The Tasmanian government has unveiled the first designs for a development parcel at Macquarie Point, a 9.3-hectare urban renewal area below the Hobart Cenotaph.
The $100 million development, dubbed The Escarpment, has been awarded to developer Milieu following a competitive tender process. It will include three buildings incorporating apartments, short stay accommodation, retail and hospitality. A spokesperson for Milieu said the buildings would be designed by Fieldwork with Core Collective Architects.
“The Escarpment will be a mixed-use precinct that celebrates Tasmania and fosters community at Macquarie Point — with strong connections to Sullivan’s Cove, the Regatta grounds, the River Derwent and the Headland,” said the developer.
However, the proposal has been criticized by the state opposition and others who are concerned about the lack of social housing and the potentially squandering of an important piece of Hobart’s waterfront.
“The redevelopment of Macquarie Point was a once-in-a-generation opportunity to reinvent Hobart’s waterfront and attract local investment and jobs, whilst providing an affordable housing option for inner-city living,” said shadow housing minister Ella Haddad. The proposal does not include provision of social or affordable housing.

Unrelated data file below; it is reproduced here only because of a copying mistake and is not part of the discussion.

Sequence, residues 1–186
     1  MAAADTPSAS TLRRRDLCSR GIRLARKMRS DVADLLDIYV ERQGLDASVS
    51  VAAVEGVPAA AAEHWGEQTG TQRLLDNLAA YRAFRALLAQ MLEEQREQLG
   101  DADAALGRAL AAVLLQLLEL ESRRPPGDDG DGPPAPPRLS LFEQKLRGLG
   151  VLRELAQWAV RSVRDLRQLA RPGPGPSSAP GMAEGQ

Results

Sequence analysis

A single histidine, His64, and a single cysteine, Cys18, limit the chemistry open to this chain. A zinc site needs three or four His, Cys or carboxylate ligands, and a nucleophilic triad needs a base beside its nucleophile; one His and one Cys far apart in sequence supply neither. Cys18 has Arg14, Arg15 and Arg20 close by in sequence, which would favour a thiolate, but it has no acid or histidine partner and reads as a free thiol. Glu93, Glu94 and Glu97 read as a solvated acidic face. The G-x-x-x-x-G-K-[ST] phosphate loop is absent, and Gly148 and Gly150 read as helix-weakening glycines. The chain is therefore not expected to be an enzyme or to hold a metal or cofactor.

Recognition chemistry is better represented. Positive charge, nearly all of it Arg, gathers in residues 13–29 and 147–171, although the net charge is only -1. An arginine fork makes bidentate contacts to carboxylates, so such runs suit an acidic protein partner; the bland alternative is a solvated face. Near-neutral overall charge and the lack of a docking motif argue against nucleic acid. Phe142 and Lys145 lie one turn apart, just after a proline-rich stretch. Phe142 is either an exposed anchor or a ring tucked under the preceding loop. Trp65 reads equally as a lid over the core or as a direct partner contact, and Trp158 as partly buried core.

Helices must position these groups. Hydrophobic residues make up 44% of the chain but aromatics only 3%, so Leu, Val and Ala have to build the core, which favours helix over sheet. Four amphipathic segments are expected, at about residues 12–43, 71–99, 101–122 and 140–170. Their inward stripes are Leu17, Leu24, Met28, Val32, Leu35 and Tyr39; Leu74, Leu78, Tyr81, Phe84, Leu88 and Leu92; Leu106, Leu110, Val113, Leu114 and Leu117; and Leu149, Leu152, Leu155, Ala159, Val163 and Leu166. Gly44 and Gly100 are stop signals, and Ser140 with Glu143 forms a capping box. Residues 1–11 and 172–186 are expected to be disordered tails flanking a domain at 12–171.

In a statement, Tasmanian development and housing minister Michael Ferguson said the development area would be widely accessible to the public and would include a rooftop bar, a restaurant and a green roof with public open space. It would also provide 24/7 direct access, including disability access, from Macquarie Point through to the Cenotaph.
“Milieu’s development was chosen from a strong calibre of proposed options for the site, with Milieu’s design aligning to the overall vision for Macquarie Point, while acknowledging the site’s history, Tasmania’s Aboriginal history, and important linkages with the Cenotaph,” he said. “Milieu’s design also provides significant public amenity and incorporates innovative design elements.”
The federal government is contributing $45 million for the remediation of the site to allow for the development to go ahead.
Source: Architecture - architectureau